In presentations by advocates for Bayh-Dole, however, the federal government was and has been continued to be criticized for its past rate of commercialization—that such low rates of commercialization hold back valuable inventions, block technological innovation, and prevent economic prosperity. Yet it appears that Bayh-Dole, hailed as successful, now produces commercialization rates that are 1/10th those of the federal government or under the IPA program. The lack of federal data to contribute to public policy discussions of the place of patent management in the conduct of science and innovation leads to the mistaken impression that robust activity measures must be evidence of robust commercialization rates. However, if practical application is being achieved no better than 1 in every 100 or 200 subject inventions, then robust activity measures indicate inefficiency and potential hazard.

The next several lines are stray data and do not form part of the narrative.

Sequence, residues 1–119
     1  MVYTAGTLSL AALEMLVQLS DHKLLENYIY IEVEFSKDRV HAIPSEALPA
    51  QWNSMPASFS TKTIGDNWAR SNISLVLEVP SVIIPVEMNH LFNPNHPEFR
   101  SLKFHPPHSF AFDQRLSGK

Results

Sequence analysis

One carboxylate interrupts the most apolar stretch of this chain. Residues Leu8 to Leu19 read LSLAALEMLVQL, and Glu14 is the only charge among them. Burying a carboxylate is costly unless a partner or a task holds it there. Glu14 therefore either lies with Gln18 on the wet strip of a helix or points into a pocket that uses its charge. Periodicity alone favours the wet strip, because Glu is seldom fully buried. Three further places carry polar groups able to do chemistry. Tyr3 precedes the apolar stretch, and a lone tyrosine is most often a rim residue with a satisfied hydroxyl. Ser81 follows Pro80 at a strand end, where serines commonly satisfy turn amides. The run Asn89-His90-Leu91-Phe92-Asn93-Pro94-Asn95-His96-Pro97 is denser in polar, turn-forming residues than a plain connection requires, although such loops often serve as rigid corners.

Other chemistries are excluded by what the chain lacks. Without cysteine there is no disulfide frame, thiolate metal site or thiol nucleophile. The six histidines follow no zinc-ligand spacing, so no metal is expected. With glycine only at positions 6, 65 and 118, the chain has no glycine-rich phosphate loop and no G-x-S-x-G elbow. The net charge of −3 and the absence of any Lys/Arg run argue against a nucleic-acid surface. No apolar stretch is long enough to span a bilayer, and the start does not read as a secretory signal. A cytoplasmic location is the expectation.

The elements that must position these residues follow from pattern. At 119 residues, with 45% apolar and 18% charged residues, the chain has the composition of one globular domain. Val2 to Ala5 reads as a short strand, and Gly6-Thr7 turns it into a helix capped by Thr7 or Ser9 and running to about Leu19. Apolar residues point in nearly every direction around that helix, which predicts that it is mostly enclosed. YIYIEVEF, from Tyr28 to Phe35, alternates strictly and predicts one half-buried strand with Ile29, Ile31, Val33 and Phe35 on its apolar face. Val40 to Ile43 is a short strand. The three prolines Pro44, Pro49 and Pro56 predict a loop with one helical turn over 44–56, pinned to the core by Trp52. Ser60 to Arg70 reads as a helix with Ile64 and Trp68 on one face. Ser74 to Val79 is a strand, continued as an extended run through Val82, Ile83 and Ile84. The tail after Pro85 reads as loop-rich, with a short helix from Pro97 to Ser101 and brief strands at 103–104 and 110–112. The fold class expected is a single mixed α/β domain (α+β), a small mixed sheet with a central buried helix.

Consider, for instance exclusive patent licenses. An exclusive license conveys rights from the patent owner to another entity. In the case of university licensing, typically the licensee is a company, and often a startup company. On the face of it, such activity points to commercialization. However, the fact of a license does not ensure practical application. Nor does investment in the company (which may be used to develop a product not based on the invention licensed from the university). Nor does licensing income received by the university licensor (which reflects the value of the patent license but does not mean that a product has been successfully made and offered for sale).